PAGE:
After Google’s “Loretta” Super Bowl commercial aired last night, my friend grabbed his phone and started texting his parents, both of whom are in their late 70s. “This is so perfect for them,” he said excitedly, undoubtedly imagining a future in which his parents can ask Google about personal details they’ve forgotten. “What’s my sister’s favorite food?” his dad might ask while grocery shopping. “When’s my youngest son’s birthday?” his mom might ask, without having to worry about anyone’s reaction to the fact that she forgot it.
Losing the ability to remember memories and details about people you love is a special form of hell. That’s why it’s hard to oppose anything that genuinely brings comfort to people with dementia. As a society, we outsourced our memories and our knowledge to Google a long time ago. Why remember something when we can look it up online? But the commercial disturbed me because while we’ve already given Google access to our dearest memories, there’s something scary and dehumanizing about letting Google dictate what happens with them. It’s possible that Google’s technology could help some people cope with memory loss and with the surrounding grief—everyone’s different—but Sunday night’s commercial proposes an intervention that goes beyond helping. If it came to fruition, tech companies may end up dictating how we manage difficult personal moments, raising the idea of a future in which disembodied voices and algorithms supply us with de-contextualized bits of information about who we were, who we love, and who we are.
It’s also unclear exactly how well this would even work. The idea that someone can provide a list of particular facts and memories for Google to remember seems useful. In the commercial, the man tells Google that Loretta liked scallops and that she had great handwriting. But does the software show photos or repeat memories without having specifically been asked? What if someone asks Google to remember a series of memories, but then never remembers to ask about them? Would Google prompt the recollections itself? Without a person’s intent or agency, does the software curate a slideshow or information dump based on Google’s secret proprietary algorithms? That seems meaningless at best and damaging at worst.
Remember that Loretta liked scallops, that she had great handwriting. As nice as those facts might be, they’re extracted from the stories and contexts in which they matter. Instead of remembering that Loretta liked scallops, how about remembering and then hearing the story of how she once tried fishing for scallops or a romantic dinner at an Alaskan restaurant with the best scallops she’d ever tasted? People aren’t comprised simply of what they like or what they’ve done, and by extracting and presenting these pieces discretely, Google offers a fragmented facsimile of a memory.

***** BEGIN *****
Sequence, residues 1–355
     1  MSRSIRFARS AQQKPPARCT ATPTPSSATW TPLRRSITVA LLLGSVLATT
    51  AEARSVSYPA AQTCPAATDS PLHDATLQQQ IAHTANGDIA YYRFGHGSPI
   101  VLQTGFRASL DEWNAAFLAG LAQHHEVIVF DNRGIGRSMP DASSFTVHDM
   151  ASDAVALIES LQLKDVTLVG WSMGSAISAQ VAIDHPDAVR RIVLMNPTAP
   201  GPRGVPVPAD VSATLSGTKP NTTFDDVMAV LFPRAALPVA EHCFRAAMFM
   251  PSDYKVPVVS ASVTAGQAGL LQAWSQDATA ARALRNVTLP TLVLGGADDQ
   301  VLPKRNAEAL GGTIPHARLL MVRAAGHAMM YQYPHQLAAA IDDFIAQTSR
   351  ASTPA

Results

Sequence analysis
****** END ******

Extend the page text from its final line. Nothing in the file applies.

In Plato’s Phaedrus, Socrates explains his criticisms of writing. One of them is that “writing is unfortunately like painting; for the creations of the painter have the attitude of life, and yet if you ask them a question they preserve a solemn silence.” Photos, like paintings, are two-dimensional representations of real people and places. But putting a physical photo album into someone’s hands, as opposed to images on a screen, puts memories into visual and tactile context. One can see the other photos on the page and on the page after that. Maybe there’s information written on the back of them—one can pull them out and turn them over. One can see whether they’re Polaroids or have round corners, or whether they’re yellowing with age. Those sensory details offer more than an algorithm ever could.
The inclusion of both context and sensory details is important for reminiscence therapy, a recommended treatment for people with dementia. Reminiscence therapy consists of patients talking to other people about their lives and experiences and supplementing those memories with tangible aids, such as photos, memorabilia, or songs. During either group or individual sessions, caregivers or family members prompt a chronological walk down memory lane. Reminiscence therapy has been shown to improve patients’ cognition, mood, and general functioning and to decrease stress on caregivers. This treatment leverages sensory details and contextualizes memories and experience with props and people who know the patients. Those are two advantages Google can’t offer.
It’s impossible to think about Google without worrying about privacy, especially with digital assistant devices. Considering that users share a lifetime of personal details and photos, one should wonder what happens to all of that information. It’s hard to regard Google’s supposed interest in helping older people as anything other than dubious, especially given that Google Assistant’s privacy violations were serious enough for the EU to force Google to stop transcribing voice recordings. The intended market for these amplifies privacy concerns, as older adults are particularly vulnerable to online fraud, scams, and data breaches.
As with robots that help the elderly stave off loneliness, technology is often better than nothing. But the problem with Google’s “Loretta” commercial is that it suggests technology can replace a carefully assembled photo album or an afternoon reminiscing with family. People are not a series of facts or images. No matter how much big tech insists otherwise, our memories are not commodities. Neither are we.